Overland Travel: 5 Things to Never Leave Home Without

Overland Travel: 5 Things to Never Leave Home Without

The best piece of kit for overlanding is the piece you think you will never need.

Because inevitably, that will be the piece you need.

One of the many benefits of overlanding, which is traveling off-road via specifically outfitted trucks, jeeps, or SUVs, is that you have the luxury of almost limitless carrying capacity.

Hiking or primitive camping means taking only the bare necessities to survive because you have to carry those goods on your own back. But overlanding means mechanical horsepower.

Overlanding means luxuries.

Or does it?

While it may be true that traveling by vehicle provides you with additional carrying capacity, you can quickly run out of space in even the largest of outfitted rigs, and no one wants that.

The last thing you want to do is leave the marshmallows behind because you have overpacked with other necessities.

With that in mind, here is a list of the five essential items to take with you on your next excursion.


Communications can be achieved through a variety of gadgets, so which item is best for you depends on what type of adventure you are taking. The main purpose of having communications is so you can reach the outside world in the event of an emergency or breakdown. Items like satellite phones and GPS devices with an SOS feature are best for when you are outside of cellular range.

The second purpose of having comms is so that you can communicate with your travel cohorts. Joking around and calling out points of interest over the CB radio is part of the fun of group travel along a trailway. While the CB radio may also serve as an emergency device for contacting help, the real fun is in enabling camaraderie as everyone is driving down the beach or mountain path.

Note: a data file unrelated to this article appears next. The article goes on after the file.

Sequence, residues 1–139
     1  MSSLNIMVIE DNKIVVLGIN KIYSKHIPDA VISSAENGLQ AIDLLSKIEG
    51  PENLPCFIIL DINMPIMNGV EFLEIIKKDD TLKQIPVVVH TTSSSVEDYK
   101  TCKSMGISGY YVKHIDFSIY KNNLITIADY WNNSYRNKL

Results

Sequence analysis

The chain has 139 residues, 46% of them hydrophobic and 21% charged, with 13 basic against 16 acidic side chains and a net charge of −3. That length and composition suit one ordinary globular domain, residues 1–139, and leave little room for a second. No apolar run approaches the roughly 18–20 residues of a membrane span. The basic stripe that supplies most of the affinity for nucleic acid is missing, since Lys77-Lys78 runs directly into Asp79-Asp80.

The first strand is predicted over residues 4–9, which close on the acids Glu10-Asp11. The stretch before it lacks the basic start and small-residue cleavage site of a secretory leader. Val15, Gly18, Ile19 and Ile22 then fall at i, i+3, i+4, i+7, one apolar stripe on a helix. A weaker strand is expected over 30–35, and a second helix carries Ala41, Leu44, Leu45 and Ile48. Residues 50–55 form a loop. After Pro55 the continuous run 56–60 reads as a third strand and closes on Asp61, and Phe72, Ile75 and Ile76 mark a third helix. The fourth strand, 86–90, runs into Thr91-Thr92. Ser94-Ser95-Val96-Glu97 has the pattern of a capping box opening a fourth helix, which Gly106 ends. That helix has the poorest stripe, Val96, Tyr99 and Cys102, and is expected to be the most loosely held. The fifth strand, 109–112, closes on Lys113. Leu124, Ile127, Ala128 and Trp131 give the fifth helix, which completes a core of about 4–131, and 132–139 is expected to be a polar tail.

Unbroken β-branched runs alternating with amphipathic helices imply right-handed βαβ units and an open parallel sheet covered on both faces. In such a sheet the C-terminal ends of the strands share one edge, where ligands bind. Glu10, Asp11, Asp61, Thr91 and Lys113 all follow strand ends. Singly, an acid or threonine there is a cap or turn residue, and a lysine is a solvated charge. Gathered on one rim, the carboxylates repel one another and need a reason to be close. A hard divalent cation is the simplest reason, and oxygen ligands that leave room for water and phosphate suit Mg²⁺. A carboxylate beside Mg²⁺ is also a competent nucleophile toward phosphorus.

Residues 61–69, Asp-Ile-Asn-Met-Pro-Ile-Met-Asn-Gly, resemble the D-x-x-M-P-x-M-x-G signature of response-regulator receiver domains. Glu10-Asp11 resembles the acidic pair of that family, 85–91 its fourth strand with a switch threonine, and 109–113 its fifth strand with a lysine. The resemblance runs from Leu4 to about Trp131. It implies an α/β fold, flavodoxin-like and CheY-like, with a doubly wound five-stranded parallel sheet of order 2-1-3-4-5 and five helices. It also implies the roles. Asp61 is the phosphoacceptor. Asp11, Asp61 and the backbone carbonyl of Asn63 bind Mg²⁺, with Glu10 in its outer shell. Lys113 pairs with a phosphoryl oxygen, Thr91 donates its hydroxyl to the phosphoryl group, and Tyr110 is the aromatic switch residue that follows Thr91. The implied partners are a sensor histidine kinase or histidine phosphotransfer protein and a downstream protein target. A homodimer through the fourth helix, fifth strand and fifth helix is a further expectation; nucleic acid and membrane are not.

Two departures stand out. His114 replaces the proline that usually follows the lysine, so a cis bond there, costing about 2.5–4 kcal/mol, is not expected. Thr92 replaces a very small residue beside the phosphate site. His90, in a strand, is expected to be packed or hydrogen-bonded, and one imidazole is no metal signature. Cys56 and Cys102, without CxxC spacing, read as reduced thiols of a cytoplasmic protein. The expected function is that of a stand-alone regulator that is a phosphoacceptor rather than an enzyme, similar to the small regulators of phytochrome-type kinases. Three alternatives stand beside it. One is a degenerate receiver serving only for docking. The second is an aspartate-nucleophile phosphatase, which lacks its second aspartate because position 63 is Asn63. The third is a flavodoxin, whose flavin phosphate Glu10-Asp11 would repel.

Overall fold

Besides having the safety of communication options, you also need to be prepared for instances when no one is coming to save you. Most first-aid kits are used for bandaids and insect bite care, primarily, but having a well-stocked kit could save your life or the life of someone you care about while waiting for outside help to arrive.

Most overland trips are fairly uneventful, but any time you head out into the wilderness, being safe and prepared should be your priority.


What fun is overlanding if you aren’t going places that normal cars cannot go? Most rigs will be four-wheel drive and capable of traversing common obstacles. But the community who do this sort of stuff for fun also likes to push the limits of their rigs. That means that mud bogs, rocky trails, and sandy beaches are all opportunities to show that your rig is capable of getting through anything.

Eventually, you will be wrong.

When that time comes, you will need to have tools and devices to help you get out of a jam. If you are traveling with a group, you will have no shortage of offers to be pulled out by someone’s new winch, or someone else’s new tow strap. Having these items as part of your own kit is also a good idea.

But when the going gets tough and you are all alone, a winch, a shovel, and some traction boards are your best options for getting unstuck.


You don’t need to carry a large chest of tools with you on your adventure, but having a bag full of the basics could mean the difference between a memorable story, and a forgettable weekend.

Basics such as hammers, pliers, and adjustable wrenches are commonly thought of. The real treasures of any tool bag for overlanding are your zip ties, duct tape, and WD-40. Make sure you pack all of them and bring them along on your adventure.


Water seems like the obvious answer of an essential item to bring along, but if you are new to overlanding then you should consider this.

You will always underestimate how much water you will use while riding around in forests and beaches.


Besides having drinking water, you will need water to cook with. You will need water to wash dishes with or take a shower with. You may even need water for your rig, should you have a leaky hose or other issue pop up.

Depending on where your adventures take you, you may have access to water from lakes, rivers, or puddles. In some terrain, you may have no water available.

Either way, consider a high-quality water filter that can strain out any nasties that may be floating in the water. In the event of an emergency, a filter could be a lifesaver.

The purpose of overlanding is to get away from civilization, even if for only a weekend, and still have some of the luxuries of camping life.

Packing smartly and adequately will mean the difference between overlanding once, or making it a fun habit that gets repeated regularly.